Corbin recommended the following steps to implement the program:

1. Clarify MoDot's position/role
2. Design the program
3. Test the design
4. Document the project
5. Bid the project
6. Fabricate and install the signs

In an insuing discussion about the wayfinding signs the following points were made by different people throughout the course of the discussion:

> The issue of electronic marketing, such as radio, was a recommendation for the cross marketing destinations within the City. (Corbin, Corbin Design Group)

> An area around Kansas City had been court ordered to implement "enhancements" (presumably like the wayfinding signs) but, not to the extent Springfield was discussing implementing them. (Ricks, MoDot)

> MoDot did not want distracting signage which could be linked or related to an accident. (Ricks, MoDot)

> The Wayfinding System would be similar to the "monument idea" proposed as a Highway 13 entrance to the City. (Finnie, City Manager's office)

> Costs could be divided between several entities, if so desired by the City. (Corbin, Corbin Design Group)

> Federal or state grants via transportation enhancement monies would be options related to financing a portion of the Wayfinding System. (Corbin, Corbin Design Group)

> 35 percent of tourists in Springfield also visited Branson. (Kimberlin, CVB)

> 17 percent of over-night travelers who stayed in Springfield also went to Branson. (Kimberlin, CVB)

> Finances were a major reason the City did not advertise or market the Zoo in 2004. (Finnie, City Manager's Office)

> The CVB and Chamber of Commerce had had meetings to "brand" the City of Springfield for marketing purposes but, had not come to a decision or conclusion. (Kimberlin, CVB)

> One of the themes for review by the Chamber of Commerce regarding "branding" the City of Springfield was, "a common name in an uncommon place." (Finnie, City Manager's Office)

> Existing wayfinding signage would be replaced for a consistent look throughout the system. (Corbin, Corbin Design Group)

> A better system was needed to guide visitors to the three major destinations; cross market to secondary locations such as the Zoo and Fantastic Caverns. (Finnie, City Manager's Office)

> Costs of "the three" Corbin Design Group recommended steps were not definite at that time. (Corbin, Corbin Design Group and Morgan, Planning and Development)

> Funds were available at the time from the quarter-cent monies for the signage. (Finnie, City Manager's Office)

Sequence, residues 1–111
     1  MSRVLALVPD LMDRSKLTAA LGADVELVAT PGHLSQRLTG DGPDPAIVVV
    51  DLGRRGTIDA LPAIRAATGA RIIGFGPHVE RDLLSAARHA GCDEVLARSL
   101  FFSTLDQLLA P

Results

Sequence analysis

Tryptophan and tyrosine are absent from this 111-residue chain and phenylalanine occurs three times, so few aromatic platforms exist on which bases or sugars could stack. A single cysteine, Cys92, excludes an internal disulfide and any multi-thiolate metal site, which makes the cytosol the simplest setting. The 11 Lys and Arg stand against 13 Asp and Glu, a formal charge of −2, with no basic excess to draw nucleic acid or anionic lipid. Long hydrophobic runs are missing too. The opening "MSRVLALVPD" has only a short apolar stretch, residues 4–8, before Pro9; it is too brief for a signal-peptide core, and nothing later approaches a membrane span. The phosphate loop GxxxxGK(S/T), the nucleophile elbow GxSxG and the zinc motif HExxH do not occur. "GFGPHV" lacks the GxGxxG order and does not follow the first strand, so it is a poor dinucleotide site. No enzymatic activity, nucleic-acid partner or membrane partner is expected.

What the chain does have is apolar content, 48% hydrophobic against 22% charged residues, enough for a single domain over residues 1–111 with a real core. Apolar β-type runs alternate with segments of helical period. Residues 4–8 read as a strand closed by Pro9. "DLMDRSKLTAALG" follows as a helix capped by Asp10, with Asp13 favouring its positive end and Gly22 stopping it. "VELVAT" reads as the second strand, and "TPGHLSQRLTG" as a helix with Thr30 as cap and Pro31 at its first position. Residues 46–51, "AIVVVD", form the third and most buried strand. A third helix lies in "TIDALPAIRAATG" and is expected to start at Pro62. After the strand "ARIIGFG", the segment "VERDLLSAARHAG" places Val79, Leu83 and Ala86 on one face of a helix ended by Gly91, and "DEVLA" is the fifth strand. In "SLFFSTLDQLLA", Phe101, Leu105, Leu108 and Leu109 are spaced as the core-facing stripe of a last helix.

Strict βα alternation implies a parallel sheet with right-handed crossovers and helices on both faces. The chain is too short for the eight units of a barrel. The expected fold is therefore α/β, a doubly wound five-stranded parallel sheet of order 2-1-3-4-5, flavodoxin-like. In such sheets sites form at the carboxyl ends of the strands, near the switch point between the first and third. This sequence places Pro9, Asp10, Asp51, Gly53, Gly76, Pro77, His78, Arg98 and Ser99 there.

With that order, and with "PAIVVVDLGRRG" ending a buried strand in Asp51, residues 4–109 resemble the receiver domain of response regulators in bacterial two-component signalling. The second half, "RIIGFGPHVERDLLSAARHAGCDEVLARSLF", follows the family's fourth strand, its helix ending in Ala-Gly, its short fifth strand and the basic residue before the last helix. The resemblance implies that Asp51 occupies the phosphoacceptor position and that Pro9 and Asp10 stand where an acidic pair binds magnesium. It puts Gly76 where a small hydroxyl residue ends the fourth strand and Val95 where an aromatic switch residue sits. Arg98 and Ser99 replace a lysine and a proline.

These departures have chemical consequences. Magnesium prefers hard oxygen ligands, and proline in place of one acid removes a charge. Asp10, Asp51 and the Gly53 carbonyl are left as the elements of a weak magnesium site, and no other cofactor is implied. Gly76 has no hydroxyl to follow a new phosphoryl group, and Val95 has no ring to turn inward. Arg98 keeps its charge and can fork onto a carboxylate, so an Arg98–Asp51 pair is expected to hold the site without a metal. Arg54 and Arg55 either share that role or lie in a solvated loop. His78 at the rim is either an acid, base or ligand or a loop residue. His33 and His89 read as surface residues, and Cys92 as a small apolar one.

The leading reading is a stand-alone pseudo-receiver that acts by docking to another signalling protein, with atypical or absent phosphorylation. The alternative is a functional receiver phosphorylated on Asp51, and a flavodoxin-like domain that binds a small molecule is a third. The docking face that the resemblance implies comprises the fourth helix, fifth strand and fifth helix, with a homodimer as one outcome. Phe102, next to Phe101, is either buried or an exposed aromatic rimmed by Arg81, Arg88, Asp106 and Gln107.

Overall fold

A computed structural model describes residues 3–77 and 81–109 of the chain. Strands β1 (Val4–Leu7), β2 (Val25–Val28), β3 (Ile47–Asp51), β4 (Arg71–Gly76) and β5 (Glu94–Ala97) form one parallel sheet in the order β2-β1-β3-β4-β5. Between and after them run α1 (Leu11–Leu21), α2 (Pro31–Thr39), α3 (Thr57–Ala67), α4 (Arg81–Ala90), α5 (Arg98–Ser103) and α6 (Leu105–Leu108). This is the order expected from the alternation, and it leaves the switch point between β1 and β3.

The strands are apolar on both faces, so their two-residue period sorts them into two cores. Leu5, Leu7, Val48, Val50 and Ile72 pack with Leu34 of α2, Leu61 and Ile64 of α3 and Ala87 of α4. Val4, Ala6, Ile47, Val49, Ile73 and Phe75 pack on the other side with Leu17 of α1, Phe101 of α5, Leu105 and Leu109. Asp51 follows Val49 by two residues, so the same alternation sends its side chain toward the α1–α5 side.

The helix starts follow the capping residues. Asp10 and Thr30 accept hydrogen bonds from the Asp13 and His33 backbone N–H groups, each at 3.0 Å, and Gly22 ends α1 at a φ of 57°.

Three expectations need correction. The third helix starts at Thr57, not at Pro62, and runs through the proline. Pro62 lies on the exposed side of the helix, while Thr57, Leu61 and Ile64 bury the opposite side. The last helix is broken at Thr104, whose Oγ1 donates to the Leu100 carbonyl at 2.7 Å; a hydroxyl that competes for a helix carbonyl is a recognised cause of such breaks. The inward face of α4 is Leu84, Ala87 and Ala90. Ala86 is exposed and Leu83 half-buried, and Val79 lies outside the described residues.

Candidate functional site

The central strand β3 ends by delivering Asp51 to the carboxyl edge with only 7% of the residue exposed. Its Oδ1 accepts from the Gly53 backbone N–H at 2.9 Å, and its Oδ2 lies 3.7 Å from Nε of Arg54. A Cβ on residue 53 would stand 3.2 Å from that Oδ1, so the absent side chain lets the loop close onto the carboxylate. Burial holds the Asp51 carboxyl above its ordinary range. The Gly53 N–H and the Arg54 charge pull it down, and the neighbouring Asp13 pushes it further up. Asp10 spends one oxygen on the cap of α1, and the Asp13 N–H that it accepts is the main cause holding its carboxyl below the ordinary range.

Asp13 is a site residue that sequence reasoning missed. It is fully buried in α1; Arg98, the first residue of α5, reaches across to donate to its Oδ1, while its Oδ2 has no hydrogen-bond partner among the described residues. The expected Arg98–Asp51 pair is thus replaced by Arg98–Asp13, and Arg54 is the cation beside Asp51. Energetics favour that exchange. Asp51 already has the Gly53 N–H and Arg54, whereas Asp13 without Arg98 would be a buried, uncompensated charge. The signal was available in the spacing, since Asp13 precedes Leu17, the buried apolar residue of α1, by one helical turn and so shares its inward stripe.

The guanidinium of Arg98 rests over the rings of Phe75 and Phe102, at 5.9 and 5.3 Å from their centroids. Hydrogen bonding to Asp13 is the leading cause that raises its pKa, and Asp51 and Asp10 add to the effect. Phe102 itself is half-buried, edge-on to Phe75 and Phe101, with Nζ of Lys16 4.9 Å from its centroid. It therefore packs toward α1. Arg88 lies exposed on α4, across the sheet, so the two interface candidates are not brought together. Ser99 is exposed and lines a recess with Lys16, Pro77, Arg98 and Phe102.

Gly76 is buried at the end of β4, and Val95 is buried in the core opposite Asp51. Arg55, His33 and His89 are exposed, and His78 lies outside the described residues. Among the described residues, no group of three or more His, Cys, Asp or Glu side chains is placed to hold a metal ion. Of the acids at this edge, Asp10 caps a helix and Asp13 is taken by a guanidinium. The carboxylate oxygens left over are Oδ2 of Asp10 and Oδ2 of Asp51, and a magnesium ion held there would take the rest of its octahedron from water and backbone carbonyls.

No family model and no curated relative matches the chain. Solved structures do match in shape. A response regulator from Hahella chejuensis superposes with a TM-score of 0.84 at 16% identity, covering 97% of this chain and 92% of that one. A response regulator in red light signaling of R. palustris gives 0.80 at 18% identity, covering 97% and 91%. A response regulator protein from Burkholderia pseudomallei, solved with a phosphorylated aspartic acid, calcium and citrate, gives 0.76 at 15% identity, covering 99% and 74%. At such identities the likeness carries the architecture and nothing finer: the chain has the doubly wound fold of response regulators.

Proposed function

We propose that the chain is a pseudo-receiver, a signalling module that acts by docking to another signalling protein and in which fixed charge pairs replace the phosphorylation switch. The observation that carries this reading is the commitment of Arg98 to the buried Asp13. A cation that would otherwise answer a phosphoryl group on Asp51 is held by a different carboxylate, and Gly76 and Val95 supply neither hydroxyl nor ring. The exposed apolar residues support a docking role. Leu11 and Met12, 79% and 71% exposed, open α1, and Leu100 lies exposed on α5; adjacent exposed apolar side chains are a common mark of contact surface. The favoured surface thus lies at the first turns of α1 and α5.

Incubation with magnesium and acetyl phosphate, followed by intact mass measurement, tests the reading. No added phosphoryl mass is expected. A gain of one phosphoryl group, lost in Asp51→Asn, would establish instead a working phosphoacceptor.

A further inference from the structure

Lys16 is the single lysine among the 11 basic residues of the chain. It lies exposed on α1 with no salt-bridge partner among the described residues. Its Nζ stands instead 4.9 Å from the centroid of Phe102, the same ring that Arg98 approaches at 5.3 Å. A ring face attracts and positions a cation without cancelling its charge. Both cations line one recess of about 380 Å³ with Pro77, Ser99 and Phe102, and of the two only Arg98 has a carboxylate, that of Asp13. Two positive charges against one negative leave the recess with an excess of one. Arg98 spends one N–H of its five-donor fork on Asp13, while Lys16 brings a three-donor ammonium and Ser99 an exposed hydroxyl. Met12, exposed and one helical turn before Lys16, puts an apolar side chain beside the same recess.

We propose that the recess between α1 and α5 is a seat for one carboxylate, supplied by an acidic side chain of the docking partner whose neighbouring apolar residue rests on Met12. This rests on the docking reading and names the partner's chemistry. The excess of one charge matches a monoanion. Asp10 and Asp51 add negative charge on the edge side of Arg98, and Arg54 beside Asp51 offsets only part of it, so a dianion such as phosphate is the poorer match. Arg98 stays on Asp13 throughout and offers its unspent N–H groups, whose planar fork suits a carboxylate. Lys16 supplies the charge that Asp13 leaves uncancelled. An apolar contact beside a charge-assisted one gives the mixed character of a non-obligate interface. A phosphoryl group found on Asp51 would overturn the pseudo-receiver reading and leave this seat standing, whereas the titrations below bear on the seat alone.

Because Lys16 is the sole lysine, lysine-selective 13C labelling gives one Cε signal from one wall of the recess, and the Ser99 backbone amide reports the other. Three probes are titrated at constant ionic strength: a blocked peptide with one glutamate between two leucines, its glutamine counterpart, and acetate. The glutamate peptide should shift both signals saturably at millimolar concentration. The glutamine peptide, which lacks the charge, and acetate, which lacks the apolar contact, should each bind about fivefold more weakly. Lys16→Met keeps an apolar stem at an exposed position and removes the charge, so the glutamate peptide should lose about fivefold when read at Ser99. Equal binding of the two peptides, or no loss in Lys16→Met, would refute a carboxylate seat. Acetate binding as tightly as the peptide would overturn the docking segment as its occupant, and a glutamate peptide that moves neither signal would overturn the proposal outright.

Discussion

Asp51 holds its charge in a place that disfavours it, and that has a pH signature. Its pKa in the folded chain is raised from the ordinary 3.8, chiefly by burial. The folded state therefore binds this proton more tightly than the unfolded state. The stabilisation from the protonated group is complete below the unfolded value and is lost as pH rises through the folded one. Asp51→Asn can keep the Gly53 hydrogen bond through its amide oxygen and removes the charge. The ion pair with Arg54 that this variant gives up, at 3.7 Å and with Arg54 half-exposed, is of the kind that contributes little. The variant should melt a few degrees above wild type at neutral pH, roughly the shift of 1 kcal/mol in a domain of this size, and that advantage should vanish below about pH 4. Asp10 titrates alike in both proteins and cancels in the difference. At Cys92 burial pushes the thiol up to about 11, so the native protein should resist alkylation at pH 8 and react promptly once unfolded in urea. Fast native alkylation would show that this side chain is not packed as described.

(Source: City of Springfield; City Council Luncheon Notes, April 20, 2004)


Tuesday, February 24, 2009

Pension Fund Shortfall: It's a Booger of a Problem

This song is dedicated to City Manager Greg Burris, Councilwoman Rushefsky, Mayor Tom Carlson, Mayor Pro Tem Gary Deaver, Councilwoman Mary Collette and Councilman John Wylie.

Wait for it, wait for it.....

(good thang I'll never have to prove it)


Monday, February 23, 2009

It's all Trickle Down Economics; The liberal vs conservative ideologies of Obama and Reagan Economics

The difference is in the "trickle down" source, and economic policy does not create moral and ethical deficit

A partisan could find it extremely tempting to simply discredit this Huffington Post article based on the words below:

"Twenty years of Republican administrations have brought our economy to its current condition. We are now both broke, and deeply in debt. To hearken back to David Stockman, it was he who said, back in 1981, ""I'm just not going to spend a lot of political capital solving some other guy's problem in 2010." It's now 2009, and Republicans are refusing to spend any political capital "solving some other guy's problem in 2010". The "other guy" is, of course, Barack Obama, and it's about time Republicans got out of the way, and started trying to help all Americans solve our problems. It ill-becomes the people who created the problems to tell us how to fix them. (In that number I include every Republican Congressman or Senator who obstructs the new administration in its attempt to save the economical lives of all of us.)"

The remark followed Reese Schonfeld's charge of hypocrisy on the part of any Republican who points out a trillion dollars is a lot of money. Schonfeld also scolded the media for not pointing out the hypocrisy of any Republican who questions President Obama's stimulation package.

No doubt, Schonfeld is speaking about the terms of Ronald Reagan, the term of George H. W. Bush and the terms of George W. Bush when he tells the reader, "Twenty years of Republican administrations" have brought our economy to its current condition, and though Schonfeld, earlier, credited George H. W. Bush's tax increase to 39.6% on all income over $250,000 as the cause of the deficit reduction during Bill Clinton's two terms, the last 16 years have been equally presided over by 8 years of a Democrat administration followed by 8 years of a Republican administration. To gloss over Clinton's administration of nearly a decade while analyzing our economy's current condition is simply irresponsible, in my opinion.

But, I'm not going to try to discredit Schonfeld based on that one sentence, and though I don't agree with Schonfeld point by point, the editorial was worthwhile reading.